When Barack Obama is sworn in as the 44th president of the United States, somewhere in the crowd will stand Martha Young of Charlotte.

At age 46, she has beaten a 15-year addiction to crack cocaine and lived through the 1999 murder of her 21-year-old son, a killing that remains unsolved. With help from the Urban League of Central Carolinas, she has worked to recover her skills and re-enter the job market.

Young’s story so impressed a panel of judges that she was picked, along with hundreds nationwide, to attend the Obama inauguration. Her trip will be covered, in large part, by Earl W. Stafford, a 60-year-old Virginia businessman who spent more than $1 million to sponsor what he is calling “The People’s Inauguration.”

Stafford told the Washington Post he wanted to make the historic event accessible to disadvantaged people, terminally ill patients, wounded soldiers and others down on their luck.

Here is Martha Young’s story as told to Qcitymetro.com — in her own words:


I was in the car coming from the hospital. There’s been a couple of people that’s been in the hospital, and I’ve been encouraging them, just going to give them support. So I was in the car, either going or coming, and Sheila Funderburke (of the Urban League) called and said, “Martha, you’ve been chosen.”

I was overwhelmed. I was like, “Yes, Lord, your word still says eyes have not seen and ears have not heard what you have in store for us.” So I feel honored and privileged to be chosen, to be able to go and be a part of history.

Like this 97-year-old woman said, she said, “I never thought I’d see a black man being the president. But God let me see that.”

I don’t feel that Obama is for the blacks or the whites. I don’t feel he has no respect for person. But to us that work these jobs all our lives, we have no benefits, we have no dental insurance, living from paycheck to paycheck. The way he talks, we are going to be able to move up and make better lives for ourselves and be self-sufficient. Maybe it won’t be so much crime.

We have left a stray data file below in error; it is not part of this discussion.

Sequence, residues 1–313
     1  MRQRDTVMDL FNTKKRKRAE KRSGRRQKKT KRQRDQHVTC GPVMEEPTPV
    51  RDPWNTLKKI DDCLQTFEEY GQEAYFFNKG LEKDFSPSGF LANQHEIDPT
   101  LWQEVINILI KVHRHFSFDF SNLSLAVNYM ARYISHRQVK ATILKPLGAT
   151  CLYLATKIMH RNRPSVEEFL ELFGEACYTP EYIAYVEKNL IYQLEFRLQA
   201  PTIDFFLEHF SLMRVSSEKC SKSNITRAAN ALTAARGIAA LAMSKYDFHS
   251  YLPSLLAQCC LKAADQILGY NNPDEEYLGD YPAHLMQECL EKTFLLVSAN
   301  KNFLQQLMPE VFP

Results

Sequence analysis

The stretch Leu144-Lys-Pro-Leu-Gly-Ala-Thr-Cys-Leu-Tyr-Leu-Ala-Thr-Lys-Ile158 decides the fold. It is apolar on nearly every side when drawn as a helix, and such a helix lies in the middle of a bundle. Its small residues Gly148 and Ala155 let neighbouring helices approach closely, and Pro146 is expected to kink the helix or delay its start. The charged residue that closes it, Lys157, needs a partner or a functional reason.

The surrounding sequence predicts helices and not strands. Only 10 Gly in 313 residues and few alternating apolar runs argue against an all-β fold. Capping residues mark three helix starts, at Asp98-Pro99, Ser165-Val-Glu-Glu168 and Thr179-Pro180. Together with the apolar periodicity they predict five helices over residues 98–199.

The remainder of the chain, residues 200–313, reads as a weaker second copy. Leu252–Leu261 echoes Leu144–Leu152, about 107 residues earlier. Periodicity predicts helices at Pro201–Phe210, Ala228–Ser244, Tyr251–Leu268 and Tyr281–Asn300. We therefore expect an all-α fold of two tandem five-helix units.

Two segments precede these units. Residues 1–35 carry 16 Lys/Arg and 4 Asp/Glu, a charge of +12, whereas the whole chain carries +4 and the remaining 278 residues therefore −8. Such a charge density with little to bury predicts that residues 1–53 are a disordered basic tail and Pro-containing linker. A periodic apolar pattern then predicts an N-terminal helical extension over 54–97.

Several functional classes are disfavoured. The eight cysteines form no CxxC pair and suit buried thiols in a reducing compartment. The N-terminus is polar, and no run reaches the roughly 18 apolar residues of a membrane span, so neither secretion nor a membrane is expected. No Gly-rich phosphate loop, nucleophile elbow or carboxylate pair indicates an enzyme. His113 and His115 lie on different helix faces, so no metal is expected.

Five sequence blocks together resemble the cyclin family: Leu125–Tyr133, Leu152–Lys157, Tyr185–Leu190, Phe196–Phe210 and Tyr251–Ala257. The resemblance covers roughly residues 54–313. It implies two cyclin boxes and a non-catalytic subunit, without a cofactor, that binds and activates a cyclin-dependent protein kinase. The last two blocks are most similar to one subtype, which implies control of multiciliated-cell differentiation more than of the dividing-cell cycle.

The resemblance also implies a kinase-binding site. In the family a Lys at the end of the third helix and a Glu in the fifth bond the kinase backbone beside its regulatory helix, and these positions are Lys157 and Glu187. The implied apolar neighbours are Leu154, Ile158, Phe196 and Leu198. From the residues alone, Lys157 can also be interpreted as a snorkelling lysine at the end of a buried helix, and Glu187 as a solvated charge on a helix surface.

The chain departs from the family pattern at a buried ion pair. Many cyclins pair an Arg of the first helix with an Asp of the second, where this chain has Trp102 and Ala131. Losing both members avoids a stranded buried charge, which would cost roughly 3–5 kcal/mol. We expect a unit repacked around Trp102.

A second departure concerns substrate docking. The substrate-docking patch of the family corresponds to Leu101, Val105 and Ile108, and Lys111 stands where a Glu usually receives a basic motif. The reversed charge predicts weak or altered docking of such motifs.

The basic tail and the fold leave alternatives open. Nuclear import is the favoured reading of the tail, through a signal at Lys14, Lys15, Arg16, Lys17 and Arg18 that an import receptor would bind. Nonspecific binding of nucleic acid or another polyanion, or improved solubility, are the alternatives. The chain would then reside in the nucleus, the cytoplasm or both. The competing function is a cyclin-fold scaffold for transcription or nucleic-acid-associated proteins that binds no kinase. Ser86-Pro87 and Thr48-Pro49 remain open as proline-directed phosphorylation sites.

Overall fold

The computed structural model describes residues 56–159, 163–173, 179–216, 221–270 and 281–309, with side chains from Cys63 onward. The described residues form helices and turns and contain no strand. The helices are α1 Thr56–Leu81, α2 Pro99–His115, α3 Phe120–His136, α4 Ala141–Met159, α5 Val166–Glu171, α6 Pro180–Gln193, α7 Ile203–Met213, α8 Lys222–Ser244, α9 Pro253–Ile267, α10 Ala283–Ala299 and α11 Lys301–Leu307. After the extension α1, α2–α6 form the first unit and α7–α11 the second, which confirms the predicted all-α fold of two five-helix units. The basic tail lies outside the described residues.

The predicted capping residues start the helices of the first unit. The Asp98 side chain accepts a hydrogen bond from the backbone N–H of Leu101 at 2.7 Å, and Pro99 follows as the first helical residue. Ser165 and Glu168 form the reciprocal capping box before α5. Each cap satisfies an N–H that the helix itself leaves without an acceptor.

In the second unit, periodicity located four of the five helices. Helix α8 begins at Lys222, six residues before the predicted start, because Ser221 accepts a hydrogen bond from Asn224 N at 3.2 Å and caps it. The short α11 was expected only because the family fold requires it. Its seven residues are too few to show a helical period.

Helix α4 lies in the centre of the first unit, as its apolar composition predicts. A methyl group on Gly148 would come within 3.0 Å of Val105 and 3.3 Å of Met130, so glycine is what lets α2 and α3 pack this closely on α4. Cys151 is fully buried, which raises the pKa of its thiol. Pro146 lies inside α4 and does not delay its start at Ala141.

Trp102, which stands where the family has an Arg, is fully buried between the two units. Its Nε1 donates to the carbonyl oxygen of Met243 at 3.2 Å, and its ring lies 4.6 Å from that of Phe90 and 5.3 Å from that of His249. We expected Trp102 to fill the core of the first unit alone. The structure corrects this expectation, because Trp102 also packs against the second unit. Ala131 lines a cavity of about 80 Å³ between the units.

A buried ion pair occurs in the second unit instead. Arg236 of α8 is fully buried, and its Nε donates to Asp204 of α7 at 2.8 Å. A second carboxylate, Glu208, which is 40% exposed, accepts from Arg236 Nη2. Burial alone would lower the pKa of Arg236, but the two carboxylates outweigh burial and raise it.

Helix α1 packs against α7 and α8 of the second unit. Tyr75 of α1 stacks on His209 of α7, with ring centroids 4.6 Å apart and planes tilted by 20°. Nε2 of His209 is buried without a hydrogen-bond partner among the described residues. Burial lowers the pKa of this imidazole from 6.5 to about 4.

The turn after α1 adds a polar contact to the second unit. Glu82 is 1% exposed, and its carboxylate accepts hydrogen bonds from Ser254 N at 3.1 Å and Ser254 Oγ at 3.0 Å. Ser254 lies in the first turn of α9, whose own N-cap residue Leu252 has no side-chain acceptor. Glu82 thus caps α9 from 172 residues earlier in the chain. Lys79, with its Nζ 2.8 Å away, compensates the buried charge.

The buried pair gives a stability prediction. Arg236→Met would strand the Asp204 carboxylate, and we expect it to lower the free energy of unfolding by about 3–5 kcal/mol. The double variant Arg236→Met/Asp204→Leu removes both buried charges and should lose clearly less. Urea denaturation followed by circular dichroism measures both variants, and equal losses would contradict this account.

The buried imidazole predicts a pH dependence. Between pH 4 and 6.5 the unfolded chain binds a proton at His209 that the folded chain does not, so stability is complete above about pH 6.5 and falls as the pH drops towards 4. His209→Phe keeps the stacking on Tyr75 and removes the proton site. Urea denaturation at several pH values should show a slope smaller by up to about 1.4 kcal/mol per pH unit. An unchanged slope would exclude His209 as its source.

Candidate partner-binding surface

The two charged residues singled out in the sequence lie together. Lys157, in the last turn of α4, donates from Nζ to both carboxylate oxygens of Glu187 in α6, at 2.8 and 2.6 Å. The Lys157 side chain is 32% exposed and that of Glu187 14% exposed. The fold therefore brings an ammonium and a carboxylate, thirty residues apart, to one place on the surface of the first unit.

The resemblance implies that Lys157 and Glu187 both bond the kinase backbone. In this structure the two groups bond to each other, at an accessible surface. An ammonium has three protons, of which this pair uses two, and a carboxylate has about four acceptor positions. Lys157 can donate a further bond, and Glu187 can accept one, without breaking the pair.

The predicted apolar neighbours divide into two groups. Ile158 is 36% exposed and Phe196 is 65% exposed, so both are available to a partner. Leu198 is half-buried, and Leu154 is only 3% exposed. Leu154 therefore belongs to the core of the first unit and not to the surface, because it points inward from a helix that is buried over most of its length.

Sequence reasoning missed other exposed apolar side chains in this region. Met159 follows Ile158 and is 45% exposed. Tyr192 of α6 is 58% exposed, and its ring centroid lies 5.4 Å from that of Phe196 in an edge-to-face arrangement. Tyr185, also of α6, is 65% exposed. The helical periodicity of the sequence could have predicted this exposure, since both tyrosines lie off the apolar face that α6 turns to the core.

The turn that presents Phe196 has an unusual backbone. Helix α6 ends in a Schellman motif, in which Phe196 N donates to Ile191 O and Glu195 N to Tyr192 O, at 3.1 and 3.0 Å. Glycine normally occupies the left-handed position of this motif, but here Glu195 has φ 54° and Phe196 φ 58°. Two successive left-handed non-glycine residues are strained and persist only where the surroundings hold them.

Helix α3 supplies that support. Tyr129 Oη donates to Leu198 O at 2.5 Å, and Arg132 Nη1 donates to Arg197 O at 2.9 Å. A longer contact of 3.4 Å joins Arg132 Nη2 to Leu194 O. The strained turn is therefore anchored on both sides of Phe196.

I went out on election day from door to door, to so many people’s houses, knocking: “Did you go to vote?”

This was my first year voting from a while back. I did not vote because I had a record. But I held my head up and I was so overjoyed that I could vote. Because when you have a record you’ve heard so many times, you can’t do this, you can’t do that because you broke the law, because you fell short, or because you did something wrong, you don’t have the opportunities that other people do.

But I have changed my life around with the help of God. And it’s good to see the good things of life, things that I could not see and do, to be able to work.

I always wanted to work, have a bank account, have a credit card, my own car, my own house and be self-sufficient.

This will be my second trip to Washington. The first trip I was riding with a friend in a rig. He was making deliveries.

This trip, I’m going to learn some things, I’m going to observe. I ‘m going to learn everything I can to be able to come back and tell my kids, my grandkids, my nieces and nephews, “We can do this.”

There’s no more excuses. If he made it, we also can make it. Yes we can.

Like I was working in Midland (N.C) in 1987 in a restaurant, and I was telling the lady that gave me the job that I (could) make good money out on the floor, and she told me, “We’re not there yet.”

In other words, they couldn’t have black people in front of the house. We had to stay in the back. They had doors back there. We could work back there, we could fix the food, but we had to stay in the back. So now I feel I have a better opportunity to work anywhere I want to.

My struggle with the drugs — I couldn’t keep a job. I would always have a job, but if I started getting high, maybe I wouldn’t go to work.

So 15 years of the addiction, I kept praying that God would deliver me. In ’98 my mother died, which was the backbone of the family. Eight months later my son got killed. Age 21. We didn’t know who did it. Ten months after that, God delivered me from drugs.

I knew that if I wasn’t on drugs I could show to people, my family, that I really loved them. I could have money in the bank. I could keep a job. I could pay my own bills. I could have a house and I could be an asset to society.

I always wanted to help people. My gift is loving and sharing with people, and giving. I like helping people. I like giving. And I haven’t been able to give like I’d like to give. I want that job so I can help somebody. If you are hungry, I can feed you. If you need clothes, I can buy you some clothes. If you need shelter, I can help with that.

I always ran from pain. I never wanted to face life on life’s terms, like if something happened, I wanted to medicate it with drugs and alcohol. I prayed to God to let me live life on life’s terms, whatever comes to me let me be able to face it, head on. There is nothing that I cannot do with the help of God.

I’m looking to move up in life. This is one of the reasons I’m at the Urban League. All the areas in computers and the typing and the reading and the language skills and the math skills. It got me back up.

You’ve heard the saying, “If you don’t use it you will lose it?”

Well, I had lost it.

But now I’ve got it back, and I’m going to keep using it.

What does it mean to have a black man in the White House?

It means I can have equal opportunity now. No one can tell me we’re not there yet.

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